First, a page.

Brittany Ferries says it will reduce and eventually eliminate the use of single-use plastics on its fleet of ships
A FERRY firm is taking the initiative to improve its carbon footprint by reducing single-use plastics.
Brittany Ferries, which operates from Portsmouth, is driving to reduce and eventually eliminate the use of single-use plastics onboard its fleet of ferries throughout Europe, by purging almost 5.7 million items of plastic per year.
Over the last 18 months the company has been ridding its onboard restaurants and cabins of single-use plastic items, including cutlery, cups, lids, stirrers and straws.
Altogether 5,664,400 items of plastic have been eliminated a year, including over two million cups.
In their place have come environmentally friendly alternatives made from bamboo, cardboard, paper and wood.
Already, the majority of meals consumed on Brittany Ferries ships are served on china plates alongside stainless steel cutlery, whilst most drinks are already served in glasses and china cups.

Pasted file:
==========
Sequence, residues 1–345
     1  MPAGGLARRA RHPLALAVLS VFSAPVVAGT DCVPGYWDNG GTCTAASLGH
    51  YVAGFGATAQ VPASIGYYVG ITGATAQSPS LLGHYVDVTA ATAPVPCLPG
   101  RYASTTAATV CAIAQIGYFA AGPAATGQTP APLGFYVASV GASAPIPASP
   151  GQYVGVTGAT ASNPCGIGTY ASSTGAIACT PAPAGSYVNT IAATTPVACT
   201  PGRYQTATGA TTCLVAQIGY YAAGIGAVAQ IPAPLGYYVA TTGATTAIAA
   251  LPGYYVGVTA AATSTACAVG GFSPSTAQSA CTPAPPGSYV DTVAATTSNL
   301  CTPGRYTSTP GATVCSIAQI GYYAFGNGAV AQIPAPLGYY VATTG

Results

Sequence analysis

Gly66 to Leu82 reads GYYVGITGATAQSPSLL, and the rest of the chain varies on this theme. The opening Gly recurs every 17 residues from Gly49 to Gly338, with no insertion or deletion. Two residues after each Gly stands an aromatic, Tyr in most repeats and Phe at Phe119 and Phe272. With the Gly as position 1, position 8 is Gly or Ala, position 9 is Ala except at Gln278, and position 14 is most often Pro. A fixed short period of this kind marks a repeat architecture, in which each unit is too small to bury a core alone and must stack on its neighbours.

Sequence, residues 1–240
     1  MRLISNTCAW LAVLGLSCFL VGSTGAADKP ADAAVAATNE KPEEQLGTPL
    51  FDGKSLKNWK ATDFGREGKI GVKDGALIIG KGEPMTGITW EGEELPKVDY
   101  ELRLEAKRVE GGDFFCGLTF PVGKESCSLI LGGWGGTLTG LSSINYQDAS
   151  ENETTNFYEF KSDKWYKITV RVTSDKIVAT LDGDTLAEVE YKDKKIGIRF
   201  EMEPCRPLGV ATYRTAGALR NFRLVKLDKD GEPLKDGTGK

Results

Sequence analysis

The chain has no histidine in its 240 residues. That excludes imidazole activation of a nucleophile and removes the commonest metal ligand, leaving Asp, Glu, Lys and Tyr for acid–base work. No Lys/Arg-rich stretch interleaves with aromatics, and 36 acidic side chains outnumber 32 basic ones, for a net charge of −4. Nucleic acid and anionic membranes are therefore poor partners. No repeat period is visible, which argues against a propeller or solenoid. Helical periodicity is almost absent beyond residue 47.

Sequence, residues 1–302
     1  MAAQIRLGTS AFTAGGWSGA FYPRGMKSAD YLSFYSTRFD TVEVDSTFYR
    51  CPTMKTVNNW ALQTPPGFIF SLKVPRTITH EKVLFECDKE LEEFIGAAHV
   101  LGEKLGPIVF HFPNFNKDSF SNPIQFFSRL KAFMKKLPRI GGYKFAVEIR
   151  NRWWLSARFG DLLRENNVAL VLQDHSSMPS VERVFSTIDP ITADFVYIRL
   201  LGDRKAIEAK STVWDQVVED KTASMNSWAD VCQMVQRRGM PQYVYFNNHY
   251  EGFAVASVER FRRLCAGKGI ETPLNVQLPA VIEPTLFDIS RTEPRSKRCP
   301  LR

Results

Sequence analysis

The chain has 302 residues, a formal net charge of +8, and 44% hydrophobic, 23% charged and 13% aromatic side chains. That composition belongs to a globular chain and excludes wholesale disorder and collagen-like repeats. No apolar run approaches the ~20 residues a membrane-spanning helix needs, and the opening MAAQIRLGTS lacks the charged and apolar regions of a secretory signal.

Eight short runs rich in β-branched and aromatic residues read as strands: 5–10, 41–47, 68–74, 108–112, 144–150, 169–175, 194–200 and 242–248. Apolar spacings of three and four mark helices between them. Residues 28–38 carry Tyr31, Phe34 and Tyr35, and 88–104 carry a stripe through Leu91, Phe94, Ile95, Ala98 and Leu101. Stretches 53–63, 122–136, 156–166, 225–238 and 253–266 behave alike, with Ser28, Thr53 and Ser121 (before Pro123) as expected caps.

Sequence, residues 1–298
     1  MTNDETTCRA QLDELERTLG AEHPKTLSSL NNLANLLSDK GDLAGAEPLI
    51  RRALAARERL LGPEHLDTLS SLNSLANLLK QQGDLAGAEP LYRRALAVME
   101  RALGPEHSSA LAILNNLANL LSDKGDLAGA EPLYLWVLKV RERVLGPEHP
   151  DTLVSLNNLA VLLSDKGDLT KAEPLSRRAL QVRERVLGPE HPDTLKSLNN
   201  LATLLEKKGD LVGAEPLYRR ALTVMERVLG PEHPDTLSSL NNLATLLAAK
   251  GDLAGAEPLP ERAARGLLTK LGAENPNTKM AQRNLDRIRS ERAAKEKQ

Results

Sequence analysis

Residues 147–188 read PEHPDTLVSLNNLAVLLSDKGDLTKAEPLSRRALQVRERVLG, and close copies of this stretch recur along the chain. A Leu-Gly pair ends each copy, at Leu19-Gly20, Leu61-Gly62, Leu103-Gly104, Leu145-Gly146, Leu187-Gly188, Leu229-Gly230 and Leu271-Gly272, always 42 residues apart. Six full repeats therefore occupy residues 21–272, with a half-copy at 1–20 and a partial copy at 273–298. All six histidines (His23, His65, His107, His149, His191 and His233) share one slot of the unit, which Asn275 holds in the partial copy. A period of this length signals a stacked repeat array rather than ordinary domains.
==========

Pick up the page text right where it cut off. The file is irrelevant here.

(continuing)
Other measures include the replacement of disposable shower gel sachets in cabin bathrooms with dispensers filled with eco-friendly gels and the elimination of plastic bags in dustbins.
The firm’s CEO, Christophe Mathieu said: ‘The sea is our home, so of course we’re deeply aware not only of its beauty, but also its fragility.
‘By tackling single-use plastics we are determined to take responsibility and make a significant contribution to collective efforts to protect the seas upon which we sail. I’m delighted to see this project already bearing fruit.
‘For sure, there’s much more to do, but this is a positive step forward, part of our long-term mission to incorporate sustainability into everything that we do.’
In 2020 the company will renew its focus on airborne emissions when it welcomes its first LNG-powered ship, Honfleur, to be followed by Salamanca in 2022 and Santoña in 2023. The trio will be amongst the first ferries of their type to be powered by Liquefied Natural Gas offering significant environmental advantages over traditional marine fuels, burning more efficiently and producing no sulphur, virtually no particulates and 95 per cent less nitrogen dioxide.